Fairy Tales From the Brothers Grimm: A New English Version by Philip Pullman (Galley)
Release Date: November 8, 2012
Genre: Fiction, fairy tales, short stories, fantasy, magic, OMG PHILIP PULLMAN WROTE A BOOK OF FAIRY TALES!
Rating: 4.5 out of 5 stars
Summary: Fifty tales from the Brother’s Grimm retold by fantasy author extraordinaire, Philip Pullman. From the well known to the more obscure, Pullman rewrites the stories in a colloquial way while still keeping the essence of the fairy tale alive and well in his stories. Complete with added commentary on the stories themselves, how they have changed and other various reincarnations they have lived through, Pullman leaves no fairy tale stone unturned in this fabulous new edition of folk tales.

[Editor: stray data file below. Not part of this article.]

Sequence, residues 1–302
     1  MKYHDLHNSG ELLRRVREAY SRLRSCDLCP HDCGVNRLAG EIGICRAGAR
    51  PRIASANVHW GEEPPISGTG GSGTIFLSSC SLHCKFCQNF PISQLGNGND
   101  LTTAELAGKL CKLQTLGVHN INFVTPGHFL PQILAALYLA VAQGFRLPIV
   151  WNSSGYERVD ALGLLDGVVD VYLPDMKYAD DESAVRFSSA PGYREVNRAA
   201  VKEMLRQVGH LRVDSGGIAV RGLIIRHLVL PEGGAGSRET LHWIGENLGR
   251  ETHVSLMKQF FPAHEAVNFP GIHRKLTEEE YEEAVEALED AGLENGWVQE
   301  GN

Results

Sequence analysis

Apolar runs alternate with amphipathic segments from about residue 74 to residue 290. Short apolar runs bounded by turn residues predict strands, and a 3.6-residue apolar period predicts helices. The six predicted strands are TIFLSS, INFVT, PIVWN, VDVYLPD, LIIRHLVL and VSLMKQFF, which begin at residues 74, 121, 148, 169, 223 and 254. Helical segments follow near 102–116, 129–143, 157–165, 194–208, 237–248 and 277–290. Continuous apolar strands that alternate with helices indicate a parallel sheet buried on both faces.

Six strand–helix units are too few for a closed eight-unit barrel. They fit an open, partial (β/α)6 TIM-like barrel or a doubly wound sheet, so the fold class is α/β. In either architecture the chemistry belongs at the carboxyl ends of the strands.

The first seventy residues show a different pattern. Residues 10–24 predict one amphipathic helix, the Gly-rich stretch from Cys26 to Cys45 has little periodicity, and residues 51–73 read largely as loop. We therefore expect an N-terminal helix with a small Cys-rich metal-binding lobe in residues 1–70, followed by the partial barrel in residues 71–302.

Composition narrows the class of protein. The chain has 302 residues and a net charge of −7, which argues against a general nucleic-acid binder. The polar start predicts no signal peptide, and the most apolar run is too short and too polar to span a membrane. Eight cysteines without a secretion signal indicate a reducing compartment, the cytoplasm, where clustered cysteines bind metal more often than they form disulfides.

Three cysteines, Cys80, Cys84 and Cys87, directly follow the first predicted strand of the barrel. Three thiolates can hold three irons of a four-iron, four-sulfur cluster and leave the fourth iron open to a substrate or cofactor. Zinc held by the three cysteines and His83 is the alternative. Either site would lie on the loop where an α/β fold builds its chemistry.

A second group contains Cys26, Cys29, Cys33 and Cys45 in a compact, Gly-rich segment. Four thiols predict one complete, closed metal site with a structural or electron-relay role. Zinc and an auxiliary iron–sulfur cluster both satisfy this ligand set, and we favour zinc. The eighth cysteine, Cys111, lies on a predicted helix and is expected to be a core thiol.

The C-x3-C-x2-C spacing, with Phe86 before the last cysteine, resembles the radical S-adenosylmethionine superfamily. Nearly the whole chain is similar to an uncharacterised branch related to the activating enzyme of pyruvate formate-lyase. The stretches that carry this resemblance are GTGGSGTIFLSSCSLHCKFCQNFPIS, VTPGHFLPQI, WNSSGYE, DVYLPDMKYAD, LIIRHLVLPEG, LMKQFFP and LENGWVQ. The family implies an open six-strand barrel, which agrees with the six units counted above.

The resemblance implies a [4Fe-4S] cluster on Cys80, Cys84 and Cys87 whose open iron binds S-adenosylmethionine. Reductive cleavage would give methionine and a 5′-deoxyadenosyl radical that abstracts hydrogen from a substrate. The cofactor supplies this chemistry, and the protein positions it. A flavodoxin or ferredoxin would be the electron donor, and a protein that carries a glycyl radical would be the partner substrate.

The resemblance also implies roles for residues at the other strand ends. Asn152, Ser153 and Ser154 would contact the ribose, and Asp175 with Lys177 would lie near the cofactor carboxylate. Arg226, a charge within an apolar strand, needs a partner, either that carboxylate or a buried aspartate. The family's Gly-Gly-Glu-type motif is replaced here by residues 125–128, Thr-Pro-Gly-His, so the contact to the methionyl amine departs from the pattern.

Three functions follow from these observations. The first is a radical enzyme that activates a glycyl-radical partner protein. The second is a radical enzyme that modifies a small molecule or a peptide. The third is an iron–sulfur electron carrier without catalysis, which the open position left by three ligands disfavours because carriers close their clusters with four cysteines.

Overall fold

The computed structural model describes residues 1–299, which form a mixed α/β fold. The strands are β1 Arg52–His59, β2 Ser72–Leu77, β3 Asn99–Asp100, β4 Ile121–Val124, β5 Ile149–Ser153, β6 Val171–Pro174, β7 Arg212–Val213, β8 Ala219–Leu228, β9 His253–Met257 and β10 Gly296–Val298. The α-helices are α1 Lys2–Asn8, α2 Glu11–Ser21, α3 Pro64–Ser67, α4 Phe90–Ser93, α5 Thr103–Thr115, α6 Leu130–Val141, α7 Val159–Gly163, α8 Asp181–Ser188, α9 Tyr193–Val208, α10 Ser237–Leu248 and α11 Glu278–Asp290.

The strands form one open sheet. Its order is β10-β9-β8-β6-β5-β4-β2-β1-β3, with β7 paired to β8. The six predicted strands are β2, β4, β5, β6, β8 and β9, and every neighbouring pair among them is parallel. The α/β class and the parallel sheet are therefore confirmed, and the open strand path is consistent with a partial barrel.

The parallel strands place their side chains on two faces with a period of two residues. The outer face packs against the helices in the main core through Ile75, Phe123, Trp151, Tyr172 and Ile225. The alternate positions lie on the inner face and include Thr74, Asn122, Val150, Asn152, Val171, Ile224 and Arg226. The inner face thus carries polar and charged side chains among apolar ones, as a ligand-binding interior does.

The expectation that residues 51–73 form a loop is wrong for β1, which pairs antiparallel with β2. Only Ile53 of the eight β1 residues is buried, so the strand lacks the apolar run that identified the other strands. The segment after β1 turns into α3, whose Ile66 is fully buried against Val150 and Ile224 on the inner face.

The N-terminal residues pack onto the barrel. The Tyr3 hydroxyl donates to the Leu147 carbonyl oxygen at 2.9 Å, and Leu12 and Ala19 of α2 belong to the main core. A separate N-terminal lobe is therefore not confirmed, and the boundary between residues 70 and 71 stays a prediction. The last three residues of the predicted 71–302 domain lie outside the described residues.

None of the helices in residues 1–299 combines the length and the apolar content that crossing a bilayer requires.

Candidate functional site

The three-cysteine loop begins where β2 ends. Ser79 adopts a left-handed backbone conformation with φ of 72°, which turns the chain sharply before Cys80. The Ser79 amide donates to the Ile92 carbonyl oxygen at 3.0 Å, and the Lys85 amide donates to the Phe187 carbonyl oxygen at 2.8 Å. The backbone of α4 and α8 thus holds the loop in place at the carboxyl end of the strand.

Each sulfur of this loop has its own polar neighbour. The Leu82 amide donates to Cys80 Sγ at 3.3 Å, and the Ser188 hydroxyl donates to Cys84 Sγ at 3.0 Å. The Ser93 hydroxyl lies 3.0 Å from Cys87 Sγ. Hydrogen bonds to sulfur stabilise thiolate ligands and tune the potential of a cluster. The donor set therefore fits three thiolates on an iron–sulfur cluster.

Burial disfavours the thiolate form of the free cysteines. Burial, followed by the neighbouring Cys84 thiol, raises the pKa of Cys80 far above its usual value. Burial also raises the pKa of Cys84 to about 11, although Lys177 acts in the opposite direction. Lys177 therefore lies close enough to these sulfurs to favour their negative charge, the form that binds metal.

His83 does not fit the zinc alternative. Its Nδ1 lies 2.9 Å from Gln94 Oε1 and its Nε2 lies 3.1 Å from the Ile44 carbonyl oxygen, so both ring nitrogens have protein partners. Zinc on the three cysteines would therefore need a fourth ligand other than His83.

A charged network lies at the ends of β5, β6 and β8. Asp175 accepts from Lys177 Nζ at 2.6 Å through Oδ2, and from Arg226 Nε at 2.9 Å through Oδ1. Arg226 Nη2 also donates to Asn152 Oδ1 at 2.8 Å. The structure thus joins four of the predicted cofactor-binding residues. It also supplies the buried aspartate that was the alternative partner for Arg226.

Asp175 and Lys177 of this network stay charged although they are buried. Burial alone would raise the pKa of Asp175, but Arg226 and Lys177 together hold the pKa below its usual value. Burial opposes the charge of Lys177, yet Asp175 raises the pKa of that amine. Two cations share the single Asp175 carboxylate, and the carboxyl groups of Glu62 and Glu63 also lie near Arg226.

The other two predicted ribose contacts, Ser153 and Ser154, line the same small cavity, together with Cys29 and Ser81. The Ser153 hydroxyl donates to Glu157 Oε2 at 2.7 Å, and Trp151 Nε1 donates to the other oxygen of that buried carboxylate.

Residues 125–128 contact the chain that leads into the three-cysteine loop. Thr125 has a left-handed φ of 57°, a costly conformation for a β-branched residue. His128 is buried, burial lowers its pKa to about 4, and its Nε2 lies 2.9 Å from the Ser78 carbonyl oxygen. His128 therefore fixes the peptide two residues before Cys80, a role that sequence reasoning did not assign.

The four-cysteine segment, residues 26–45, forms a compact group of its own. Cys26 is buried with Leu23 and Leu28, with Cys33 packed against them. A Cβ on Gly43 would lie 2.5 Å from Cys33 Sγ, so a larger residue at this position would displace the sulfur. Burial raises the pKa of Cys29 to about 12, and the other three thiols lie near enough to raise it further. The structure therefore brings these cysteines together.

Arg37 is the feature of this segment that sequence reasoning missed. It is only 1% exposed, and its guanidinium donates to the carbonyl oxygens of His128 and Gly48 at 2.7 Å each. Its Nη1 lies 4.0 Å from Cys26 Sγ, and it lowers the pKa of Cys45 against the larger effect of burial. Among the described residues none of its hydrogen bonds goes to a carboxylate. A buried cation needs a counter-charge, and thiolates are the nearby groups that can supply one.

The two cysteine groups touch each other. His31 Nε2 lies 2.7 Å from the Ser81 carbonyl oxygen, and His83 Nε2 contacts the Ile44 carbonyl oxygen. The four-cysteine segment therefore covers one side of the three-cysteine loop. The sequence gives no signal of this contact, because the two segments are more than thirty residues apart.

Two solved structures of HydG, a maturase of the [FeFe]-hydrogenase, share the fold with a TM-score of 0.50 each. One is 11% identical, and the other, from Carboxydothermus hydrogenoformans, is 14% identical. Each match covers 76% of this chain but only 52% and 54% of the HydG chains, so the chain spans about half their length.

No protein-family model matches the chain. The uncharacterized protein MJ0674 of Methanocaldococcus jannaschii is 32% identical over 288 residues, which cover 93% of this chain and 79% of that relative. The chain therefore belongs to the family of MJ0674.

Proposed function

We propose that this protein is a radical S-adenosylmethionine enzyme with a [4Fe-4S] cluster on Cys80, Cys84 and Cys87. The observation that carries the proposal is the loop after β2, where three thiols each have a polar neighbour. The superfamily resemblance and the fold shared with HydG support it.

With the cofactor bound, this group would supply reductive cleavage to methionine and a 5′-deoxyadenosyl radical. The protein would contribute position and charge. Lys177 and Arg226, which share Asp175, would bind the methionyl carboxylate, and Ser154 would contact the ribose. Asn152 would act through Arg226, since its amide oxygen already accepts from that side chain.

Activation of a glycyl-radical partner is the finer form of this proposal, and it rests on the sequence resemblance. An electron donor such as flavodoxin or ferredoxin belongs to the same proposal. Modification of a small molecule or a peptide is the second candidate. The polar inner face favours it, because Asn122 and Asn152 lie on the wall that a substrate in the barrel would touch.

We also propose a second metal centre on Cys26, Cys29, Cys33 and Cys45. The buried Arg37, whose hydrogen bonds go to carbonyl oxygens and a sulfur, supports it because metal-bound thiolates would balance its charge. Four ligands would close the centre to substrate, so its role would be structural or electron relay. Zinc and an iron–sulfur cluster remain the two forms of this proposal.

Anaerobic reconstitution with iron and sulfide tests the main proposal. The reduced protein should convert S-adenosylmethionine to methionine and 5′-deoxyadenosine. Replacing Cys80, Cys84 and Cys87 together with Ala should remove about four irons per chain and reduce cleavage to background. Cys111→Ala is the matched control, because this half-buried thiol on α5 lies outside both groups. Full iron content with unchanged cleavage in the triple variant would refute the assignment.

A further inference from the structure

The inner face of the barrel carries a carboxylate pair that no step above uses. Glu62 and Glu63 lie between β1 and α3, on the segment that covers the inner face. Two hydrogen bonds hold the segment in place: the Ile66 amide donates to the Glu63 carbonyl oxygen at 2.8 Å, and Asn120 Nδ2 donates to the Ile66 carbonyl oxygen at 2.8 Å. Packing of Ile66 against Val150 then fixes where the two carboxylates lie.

When I heard there was a new collection of fairy tales being rewritten by Philip Pullman I practically wet myself in excitement (I seem to do that a lot for the sake of these reviews). This collection combines two of my favorite things: classic fairy tales- particularly of the Grimm variety- and incredibly well-written fantasy, which is where Pullman comes in. If you have yet to do so, I highly recommend checking out the His Dark Materials series. It will amaze and break your heart simultaneously. Please don’t judge a book by its movie.